Summer learning

Summer school at Tufts a relatively 'new' endeavor

The first serious consideration to conducting a summer school under the auspices of Tufts College was given in 1902, when faculty opinion was solicited.

As early as 1898, some departments, most notably chemistry and biology, were conducting successful summer programs on their own. The biology department's early summer sessions, headed by Tufts biologist John Kingsley, were held at a marine biology laboratory that Tufts operated in South Harpswell, Maine, on the shore of Casco Bay. The bay yielded great quantities of marine life and the opportunity for students and faculty to conduct field research. During the first summer session in 1898, nearly 100 specimens were collected for the Barnum Museum back in Medford. The biology department operated the summer lab program through 1913.

Tufts biologist Fred Dayton Lambert, shown here with his wife, also a biologist, at the Harpswell, Maine, laboratory. Tents were used to provide additional accommodations for students and faculty during the busy summer months. Photo courtesy of University Archives

However, the initial consensus for a formal college-wide summer session was negative. But before the decision was made to continue the practice of allowing individual departments to offer courses (with the approval of the president and the chairman of the Executive Committee), almost every argument for and against summer school was aired.

On the plus side were "advertising the college, attracting to it teachers and others who might thus learn what we are trying to do and our facilities for doing it;" using a plant that ordinarily lay idle for a quarter of the year and helping "some of the instructors to add a few dimesĐpossibly dollars, to their incomes."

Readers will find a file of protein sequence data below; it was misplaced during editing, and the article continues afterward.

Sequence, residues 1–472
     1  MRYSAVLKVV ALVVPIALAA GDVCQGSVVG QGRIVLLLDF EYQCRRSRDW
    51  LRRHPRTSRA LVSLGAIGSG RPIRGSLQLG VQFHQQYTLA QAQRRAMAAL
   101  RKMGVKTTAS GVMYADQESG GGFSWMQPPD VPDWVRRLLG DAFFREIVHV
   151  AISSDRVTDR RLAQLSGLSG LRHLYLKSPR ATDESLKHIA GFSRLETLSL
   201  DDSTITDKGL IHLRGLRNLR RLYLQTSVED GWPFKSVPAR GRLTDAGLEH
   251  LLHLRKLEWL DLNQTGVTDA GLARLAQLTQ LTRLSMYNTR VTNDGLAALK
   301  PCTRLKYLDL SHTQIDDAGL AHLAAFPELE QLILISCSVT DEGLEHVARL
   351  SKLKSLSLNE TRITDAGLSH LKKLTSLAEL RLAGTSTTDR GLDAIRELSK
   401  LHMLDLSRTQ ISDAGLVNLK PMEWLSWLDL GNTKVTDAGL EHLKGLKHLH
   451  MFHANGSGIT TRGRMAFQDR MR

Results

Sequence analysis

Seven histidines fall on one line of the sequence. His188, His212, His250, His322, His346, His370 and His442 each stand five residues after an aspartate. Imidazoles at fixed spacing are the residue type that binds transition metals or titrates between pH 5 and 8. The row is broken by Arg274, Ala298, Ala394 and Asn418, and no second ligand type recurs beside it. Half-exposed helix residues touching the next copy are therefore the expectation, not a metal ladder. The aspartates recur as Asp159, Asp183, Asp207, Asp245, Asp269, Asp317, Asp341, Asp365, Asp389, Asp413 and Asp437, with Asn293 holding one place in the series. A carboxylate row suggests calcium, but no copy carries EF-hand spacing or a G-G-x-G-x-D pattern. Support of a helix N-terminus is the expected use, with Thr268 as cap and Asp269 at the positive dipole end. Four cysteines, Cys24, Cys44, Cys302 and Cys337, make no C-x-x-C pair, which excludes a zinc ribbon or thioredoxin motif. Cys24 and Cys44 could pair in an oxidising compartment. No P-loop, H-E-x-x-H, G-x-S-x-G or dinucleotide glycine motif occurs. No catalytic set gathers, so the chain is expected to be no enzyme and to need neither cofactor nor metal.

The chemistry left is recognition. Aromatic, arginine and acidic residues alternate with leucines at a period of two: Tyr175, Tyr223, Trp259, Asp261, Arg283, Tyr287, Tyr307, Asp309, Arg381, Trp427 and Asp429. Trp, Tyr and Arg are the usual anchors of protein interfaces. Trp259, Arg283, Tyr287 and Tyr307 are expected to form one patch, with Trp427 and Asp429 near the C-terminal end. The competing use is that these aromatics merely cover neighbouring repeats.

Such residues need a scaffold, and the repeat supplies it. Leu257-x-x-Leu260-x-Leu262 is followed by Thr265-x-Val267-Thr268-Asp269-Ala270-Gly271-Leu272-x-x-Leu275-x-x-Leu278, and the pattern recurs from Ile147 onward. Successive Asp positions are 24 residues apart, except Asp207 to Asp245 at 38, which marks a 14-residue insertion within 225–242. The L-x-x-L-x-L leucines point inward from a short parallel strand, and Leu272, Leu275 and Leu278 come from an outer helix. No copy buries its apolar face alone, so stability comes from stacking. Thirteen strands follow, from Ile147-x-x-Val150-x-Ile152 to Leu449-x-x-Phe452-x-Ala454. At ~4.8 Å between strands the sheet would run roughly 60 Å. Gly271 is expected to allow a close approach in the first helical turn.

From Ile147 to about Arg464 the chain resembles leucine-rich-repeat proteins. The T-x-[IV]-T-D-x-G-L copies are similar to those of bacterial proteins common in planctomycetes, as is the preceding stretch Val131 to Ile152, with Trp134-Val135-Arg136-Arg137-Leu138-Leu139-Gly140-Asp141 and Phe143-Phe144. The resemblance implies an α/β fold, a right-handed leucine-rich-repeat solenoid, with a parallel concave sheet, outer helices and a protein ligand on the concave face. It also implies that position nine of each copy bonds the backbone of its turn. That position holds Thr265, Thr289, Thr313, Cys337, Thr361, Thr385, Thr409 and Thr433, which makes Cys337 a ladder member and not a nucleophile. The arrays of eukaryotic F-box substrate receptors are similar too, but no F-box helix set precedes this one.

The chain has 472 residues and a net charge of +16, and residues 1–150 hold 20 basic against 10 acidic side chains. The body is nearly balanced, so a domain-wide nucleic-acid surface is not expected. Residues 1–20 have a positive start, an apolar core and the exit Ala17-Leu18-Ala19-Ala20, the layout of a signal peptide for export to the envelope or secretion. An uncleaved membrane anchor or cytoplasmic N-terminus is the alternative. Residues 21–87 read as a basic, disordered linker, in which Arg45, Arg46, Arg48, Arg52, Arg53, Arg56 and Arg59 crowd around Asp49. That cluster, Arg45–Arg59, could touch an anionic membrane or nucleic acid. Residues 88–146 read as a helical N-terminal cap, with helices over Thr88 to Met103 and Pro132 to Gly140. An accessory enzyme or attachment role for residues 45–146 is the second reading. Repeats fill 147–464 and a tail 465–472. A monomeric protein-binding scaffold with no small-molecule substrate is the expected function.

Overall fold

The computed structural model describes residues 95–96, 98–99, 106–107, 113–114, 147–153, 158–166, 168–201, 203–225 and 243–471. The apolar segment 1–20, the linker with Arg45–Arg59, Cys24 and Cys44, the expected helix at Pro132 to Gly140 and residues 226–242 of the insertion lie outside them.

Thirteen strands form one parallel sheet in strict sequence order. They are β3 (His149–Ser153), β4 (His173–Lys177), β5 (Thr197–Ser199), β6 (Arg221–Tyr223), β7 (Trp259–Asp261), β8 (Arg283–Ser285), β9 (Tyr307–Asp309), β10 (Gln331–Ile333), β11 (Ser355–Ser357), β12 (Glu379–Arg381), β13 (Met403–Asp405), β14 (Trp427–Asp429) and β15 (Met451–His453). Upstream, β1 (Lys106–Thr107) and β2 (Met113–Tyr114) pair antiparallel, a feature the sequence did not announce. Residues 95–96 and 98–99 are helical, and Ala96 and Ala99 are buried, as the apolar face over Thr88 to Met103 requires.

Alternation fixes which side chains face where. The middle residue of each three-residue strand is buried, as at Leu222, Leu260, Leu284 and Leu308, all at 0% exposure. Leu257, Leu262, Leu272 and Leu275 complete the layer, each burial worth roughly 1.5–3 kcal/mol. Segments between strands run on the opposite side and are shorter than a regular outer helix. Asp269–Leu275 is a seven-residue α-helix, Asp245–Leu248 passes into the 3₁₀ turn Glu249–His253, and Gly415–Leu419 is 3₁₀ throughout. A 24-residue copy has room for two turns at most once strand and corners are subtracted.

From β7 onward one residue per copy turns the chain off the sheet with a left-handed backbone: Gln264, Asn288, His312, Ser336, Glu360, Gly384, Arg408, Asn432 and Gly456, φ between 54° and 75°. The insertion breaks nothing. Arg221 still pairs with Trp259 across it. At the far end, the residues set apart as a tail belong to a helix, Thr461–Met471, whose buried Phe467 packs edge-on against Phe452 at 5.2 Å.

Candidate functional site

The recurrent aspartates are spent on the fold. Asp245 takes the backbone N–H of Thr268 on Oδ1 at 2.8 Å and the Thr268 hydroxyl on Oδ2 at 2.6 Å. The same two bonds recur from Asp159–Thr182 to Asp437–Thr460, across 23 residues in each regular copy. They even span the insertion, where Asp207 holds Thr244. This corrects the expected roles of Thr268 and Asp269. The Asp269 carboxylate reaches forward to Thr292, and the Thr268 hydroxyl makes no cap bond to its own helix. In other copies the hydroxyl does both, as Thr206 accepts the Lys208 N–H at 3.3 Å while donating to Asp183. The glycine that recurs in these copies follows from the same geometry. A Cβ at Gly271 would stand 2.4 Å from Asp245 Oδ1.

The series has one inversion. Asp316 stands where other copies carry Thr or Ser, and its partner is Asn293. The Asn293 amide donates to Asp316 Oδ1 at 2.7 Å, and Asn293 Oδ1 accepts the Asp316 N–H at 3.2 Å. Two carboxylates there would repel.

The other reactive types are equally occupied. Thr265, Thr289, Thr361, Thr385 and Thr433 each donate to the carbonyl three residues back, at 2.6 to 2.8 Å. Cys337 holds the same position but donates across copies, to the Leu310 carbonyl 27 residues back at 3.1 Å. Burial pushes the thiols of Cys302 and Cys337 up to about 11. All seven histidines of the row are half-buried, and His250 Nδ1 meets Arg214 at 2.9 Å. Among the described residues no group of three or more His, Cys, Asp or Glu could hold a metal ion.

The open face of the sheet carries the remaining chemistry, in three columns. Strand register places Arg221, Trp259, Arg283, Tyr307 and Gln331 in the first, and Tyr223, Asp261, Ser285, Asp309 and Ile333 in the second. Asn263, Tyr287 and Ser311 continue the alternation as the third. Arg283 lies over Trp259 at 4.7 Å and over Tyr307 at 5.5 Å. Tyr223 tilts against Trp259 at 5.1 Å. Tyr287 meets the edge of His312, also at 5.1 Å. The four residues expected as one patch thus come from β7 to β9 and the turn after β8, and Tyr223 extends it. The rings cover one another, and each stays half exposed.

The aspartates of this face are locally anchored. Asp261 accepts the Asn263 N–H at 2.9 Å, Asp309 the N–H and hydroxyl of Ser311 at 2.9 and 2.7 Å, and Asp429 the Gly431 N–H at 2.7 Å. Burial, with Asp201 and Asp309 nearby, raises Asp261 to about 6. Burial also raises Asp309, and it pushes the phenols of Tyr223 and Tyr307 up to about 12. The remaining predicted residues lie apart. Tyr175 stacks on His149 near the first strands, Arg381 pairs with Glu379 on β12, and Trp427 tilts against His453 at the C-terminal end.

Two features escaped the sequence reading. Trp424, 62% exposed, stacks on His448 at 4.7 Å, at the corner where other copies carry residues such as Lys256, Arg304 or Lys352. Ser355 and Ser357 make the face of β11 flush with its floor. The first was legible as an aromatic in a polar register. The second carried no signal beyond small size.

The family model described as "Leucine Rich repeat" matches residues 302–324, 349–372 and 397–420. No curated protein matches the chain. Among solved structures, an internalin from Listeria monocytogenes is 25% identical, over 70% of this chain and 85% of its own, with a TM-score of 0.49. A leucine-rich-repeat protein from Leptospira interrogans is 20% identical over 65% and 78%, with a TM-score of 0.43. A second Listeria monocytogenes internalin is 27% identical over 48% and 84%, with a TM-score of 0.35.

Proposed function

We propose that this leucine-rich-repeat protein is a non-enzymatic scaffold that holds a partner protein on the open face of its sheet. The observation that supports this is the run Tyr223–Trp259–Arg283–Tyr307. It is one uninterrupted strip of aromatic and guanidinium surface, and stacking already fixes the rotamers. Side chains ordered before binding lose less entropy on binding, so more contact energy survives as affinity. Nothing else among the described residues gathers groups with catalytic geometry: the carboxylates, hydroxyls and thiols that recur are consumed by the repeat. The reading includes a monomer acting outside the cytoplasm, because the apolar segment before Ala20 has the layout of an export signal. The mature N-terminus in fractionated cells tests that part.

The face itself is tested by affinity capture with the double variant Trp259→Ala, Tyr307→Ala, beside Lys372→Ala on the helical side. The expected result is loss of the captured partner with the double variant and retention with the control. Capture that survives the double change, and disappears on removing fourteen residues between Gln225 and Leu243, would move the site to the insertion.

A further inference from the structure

Among the arguments on the negative side were the extra expenses required by an augmented teaching force and the opening of the library and possibly the dormitories.

The most basic objection centered on the quality of the instruction. College credit had been allowed for degree candidates by precedent rather than by any formal vote. But if summer school courses were developed to any great extent, this policy might lead to trouble, "for there would be a tendency to lower the standards to the level of the non-matriculated students who might form the majority of the summer attendance." (It was pointed out that at the time, Harvard gave no credit for summer courses.)

After weighing the pros and cons, it was decided to continue the existing policy whereby those departments offering summer school courses assumed all financial responsibility and "quietly pocketed the profits."

It was not until World War II that Tufts went to a year-round academic calendar and not until 1945 that a regular summer school program was offered.

Editor's note: As the university celebrates its sesquicentennial this year, the Journal looks back at some of the history and traditions of Tufts. Material for this story was excerpted from Light on the Hill: A History of Tufts College, 1852-1952.